Most people who know something about Impressionist art know that Claude Monet liked to paint flowers. What they may not know is that he was also a passionate gardener who drew boundless inspiration from what he grew.
Monet’s extraordinary gardens can still be seen at his home in Giverny, France, where they have lovingly been restored through the past few decades in celebration of the painter’s life and work. This is the place that inspired Monterey, California, author and artist Elizabeth Murray, who photographed and wrote about them 20 years ago in her book “Monet’s Passion: Ideas, Inspiration, and Insights from the Painter’s Gardens.”
Now, a completely revised 20th anniversary edition of “Monet’s Passion” (Pomegranate Communications, $35) has been published, with all-new photographs, text, and plans based on the famous gardens.
Revising the book was Murray’s idea, since over the past two decades she has never stopped examining Monet’s gardens and life. She told her publisher, “I think I can do a much better book.”
“I wanted to put so much into the book, about the preservation of beauty, and sustainability, and what creates sanctuary and stability in your heart,” said Murray, relaxing on a recent sunny day in her own garden. “These are the things I care about and wanted to weave in.”
Murray’s deep connection with Monet began in 1984 when she visited Giverny on a trip through Europe. A professional gardener and artist, Murray was immediately enraptured with the gardens. “In short, I had fallen in love,” she writes in the book’s introduction.
She returned home and promptly quit her job – she was head gardener for a family estate in Pebble Beach – and packed up her belongings. She returned to Giverny and would stay there for nine months, first to learn French, and then to work in Monet’s gardens, which were in the process of being restored after decades of neglect.
Because she offered her services for free, “the curators were thrilled,” said Murray. As for the gardeners there – well, not so much. They viewed her as a bourgeois American, and further suspect because she was female.
“They thought, ‘We’ll work her real hard and she’ll give up,'” recalls Murray, who of course did not.
She was too busy drinking in the beauty of the place where Monet spent 46 years of his life and created some of his most famous paintings.
In 1883, Monet came to Giverny looking for a home. His wife had died of tuberculosis and he was raising his two sons with the help of a family friend, Alice Hoschede, who had six children of her own. Short of money and anxious for a spot with room enough for all, he happened upon the house and property there and realized it was perfect.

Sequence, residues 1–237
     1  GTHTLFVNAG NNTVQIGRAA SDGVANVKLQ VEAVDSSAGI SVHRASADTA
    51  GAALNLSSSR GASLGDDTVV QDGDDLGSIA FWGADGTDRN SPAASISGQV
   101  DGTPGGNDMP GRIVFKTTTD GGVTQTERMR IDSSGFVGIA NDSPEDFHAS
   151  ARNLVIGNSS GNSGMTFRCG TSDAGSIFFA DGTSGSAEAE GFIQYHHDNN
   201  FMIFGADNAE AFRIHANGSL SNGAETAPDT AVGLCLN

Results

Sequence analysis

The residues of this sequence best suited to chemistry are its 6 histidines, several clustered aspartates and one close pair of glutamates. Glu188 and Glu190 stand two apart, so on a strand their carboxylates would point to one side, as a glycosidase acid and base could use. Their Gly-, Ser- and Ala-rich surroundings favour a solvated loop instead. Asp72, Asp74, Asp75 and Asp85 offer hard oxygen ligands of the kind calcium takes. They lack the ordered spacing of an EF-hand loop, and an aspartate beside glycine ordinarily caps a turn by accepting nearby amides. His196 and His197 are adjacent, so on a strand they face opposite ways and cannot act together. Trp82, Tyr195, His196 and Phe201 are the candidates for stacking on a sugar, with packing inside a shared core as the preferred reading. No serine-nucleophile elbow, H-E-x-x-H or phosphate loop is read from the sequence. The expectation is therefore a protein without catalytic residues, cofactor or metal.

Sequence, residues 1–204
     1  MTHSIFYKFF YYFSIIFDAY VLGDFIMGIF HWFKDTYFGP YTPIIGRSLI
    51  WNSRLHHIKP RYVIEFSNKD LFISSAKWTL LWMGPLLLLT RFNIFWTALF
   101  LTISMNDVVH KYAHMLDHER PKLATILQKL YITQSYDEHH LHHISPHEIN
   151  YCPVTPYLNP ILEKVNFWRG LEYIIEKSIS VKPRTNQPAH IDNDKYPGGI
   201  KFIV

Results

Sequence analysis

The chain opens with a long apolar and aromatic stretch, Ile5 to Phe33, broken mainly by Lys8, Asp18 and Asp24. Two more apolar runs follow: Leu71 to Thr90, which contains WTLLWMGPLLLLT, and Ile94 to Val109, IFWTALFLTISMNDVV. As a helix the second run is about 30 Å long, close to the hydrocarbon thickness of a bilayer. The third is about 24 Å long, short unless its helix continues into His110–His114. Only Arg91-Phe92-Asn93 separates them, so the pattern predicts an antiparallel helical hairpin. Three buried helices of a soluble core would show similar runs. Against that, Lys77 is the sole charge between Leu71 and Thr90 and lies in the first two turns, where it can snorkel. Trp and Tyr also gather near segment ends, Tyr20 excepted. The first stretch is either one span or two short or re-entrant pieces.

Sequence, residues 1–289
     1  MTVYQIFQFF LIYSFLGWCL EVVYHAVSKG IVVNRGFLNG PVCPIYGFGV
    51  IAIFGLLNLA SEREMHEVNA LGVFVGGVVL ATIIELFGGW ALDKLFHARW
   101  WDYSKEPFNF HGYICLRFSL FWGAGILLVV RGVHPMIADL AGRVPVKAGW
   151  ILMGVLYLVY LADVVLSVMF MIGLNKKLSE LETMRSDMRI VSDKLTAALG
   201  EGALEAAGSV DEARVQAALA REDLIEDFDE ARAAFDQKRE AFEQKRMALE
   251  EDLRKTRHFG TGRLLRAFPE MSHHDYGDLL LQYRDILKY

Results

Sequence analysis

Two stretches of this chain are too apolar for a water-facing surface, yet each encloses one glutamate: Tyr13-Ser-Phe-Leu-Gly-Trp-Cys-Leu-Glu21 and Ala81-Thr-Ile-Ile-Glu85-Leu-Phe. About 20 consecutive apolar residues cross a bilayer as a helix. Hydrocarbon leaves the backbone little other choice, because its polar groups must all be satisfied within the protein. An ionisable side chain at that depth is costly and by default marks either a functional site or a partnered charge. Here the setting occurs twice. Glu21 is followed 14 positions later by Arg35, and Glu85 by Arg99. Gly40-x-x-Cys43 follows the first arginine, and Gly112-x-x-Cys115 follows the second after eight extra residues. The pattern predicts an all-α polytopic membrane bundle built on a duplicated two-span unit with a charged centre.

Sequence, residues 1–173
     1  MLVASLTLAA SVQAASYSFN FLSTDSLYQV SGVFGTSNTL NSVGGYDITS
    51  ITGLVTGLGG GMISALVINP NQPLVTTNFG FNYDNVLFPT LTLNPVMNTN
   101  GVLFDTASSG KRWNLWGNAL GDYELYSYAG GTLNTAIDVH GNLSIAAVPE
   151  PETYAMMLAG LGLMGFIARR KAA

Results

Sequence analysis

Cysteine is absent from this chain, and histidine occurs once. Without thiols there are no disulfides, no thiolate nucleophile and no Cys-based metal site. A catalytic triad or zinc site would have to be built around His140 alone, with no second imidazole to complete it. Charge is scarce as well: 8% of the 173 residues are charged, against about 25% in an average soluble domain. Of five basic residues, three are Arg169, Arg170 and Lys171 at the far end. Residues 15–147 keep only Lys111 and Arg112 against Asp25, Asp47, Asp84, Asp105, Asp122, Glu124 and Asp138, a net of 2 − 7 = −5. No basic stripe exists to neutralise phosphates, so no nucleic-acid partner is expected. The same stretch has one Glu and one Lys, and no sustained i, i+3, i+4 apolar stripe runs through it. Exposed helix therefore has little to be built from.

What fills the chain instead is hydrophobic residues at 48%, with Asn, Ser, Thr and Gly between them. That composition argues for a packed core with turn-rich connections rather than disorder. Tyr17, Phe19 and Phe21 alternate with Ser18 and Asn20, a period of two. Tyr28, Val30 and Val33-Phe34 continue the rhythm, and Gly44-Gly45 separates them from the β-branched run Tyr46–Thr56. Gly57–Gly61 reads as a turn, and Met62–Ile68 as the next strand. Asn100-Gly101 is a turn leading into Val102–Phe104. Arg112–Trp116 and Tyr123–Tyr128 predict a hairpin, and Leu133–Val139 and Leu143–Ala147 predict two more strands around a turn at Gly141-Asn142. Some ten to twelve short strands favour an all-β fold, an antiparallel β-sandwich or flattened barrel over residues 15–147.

Murray said that Monet always loved flowers and planted them wherever he lived, but he was able to really indulge himself at Giverny. With almost three acres at his disposal, he would work and rework the garden plan, adding the distinctive features that would become familiar in his paintings: the water lily pond, Japanese footbridge, and trellises and arches covered with climbing roses.
Murray is especially fascinated by Monet’s approach to color, something that he could experiment with in the garden and then translate to canvas. In addition to roses, the painter was fond of tulips, tree peonies, bearded iris, cactus dahlias, sunflowers, hollyhocks, foxglove and delphiniums, among many others.
He would paint more than 500 canvases before his death in 1926, many based on his gardens.
Following the artist’s death, the house and gardens passed to Monet’s son, Michel, who died in 1966. The house and gardens were then donated to France’s Academie des Beaux-Arts but fell into disrepair for lack of funds. Money was raised in the United States and Frances for their restoration, and it would take another few years before the gardens were opened to the public. Today, some 500,000 visitors come there annually.
Spending time in the artist’s gardens changed Murray’s life forever. She eventually returned to California and began publishing calendars using her photos of Monet’s gardens. From there she segued into writing books, and so “Monet’s Passion” was born.
The book would go on to sell more than 200,000 copies.
Since then, Murray has written numerous books on gardening and art, including “Painterly Photography: Awakening the Artist Within” and “Cultivating Sacred Space: Gardening for the Soul.” Her paintings are housed in private and public collections, including San Francisco’s De Young Museum and the New Orleans Museum of Art.
She also designs gardens as healing spaces and teaches classes on photography, painting, and flowers.
Murray also continues to go back to Monet’s gardens – every year for the past 25 years – where she photographs them and continues to draw new inspiration from their beauty.
Her revised “Monet’s Passion” has “more information and a lot more depth” than the original, she said.
The book now includes not just a history and analysis of the gardens, but also a look at Monet’s color combinations and techniques, both in gardening and painting.
There is also practical advice for gardeners. In a section called “Bringing Giverny Home,” there are detailed garden plans that can be applied anywhere. There’s also a list of the plants originally used by Monet, and tips on plant selection, garden planning and features like Monet’s.
One thing that gardeners can do is pay more attention to color, said Murray.
“It’s much easier for people to start with a color palette, to think about what colors will complement their house,” she said. “You have to think about what goes with your rooms and what makes you happy.”
Murray said that it’s not necessary to copy Monet’s garden precisely, but to learn about color, rather than specific plants. In the name of sustainability, she urges people in this area to plant drought-tolerant species.
“You can have a lot of beauty without using a lot of water if you carefully plan it,” she said.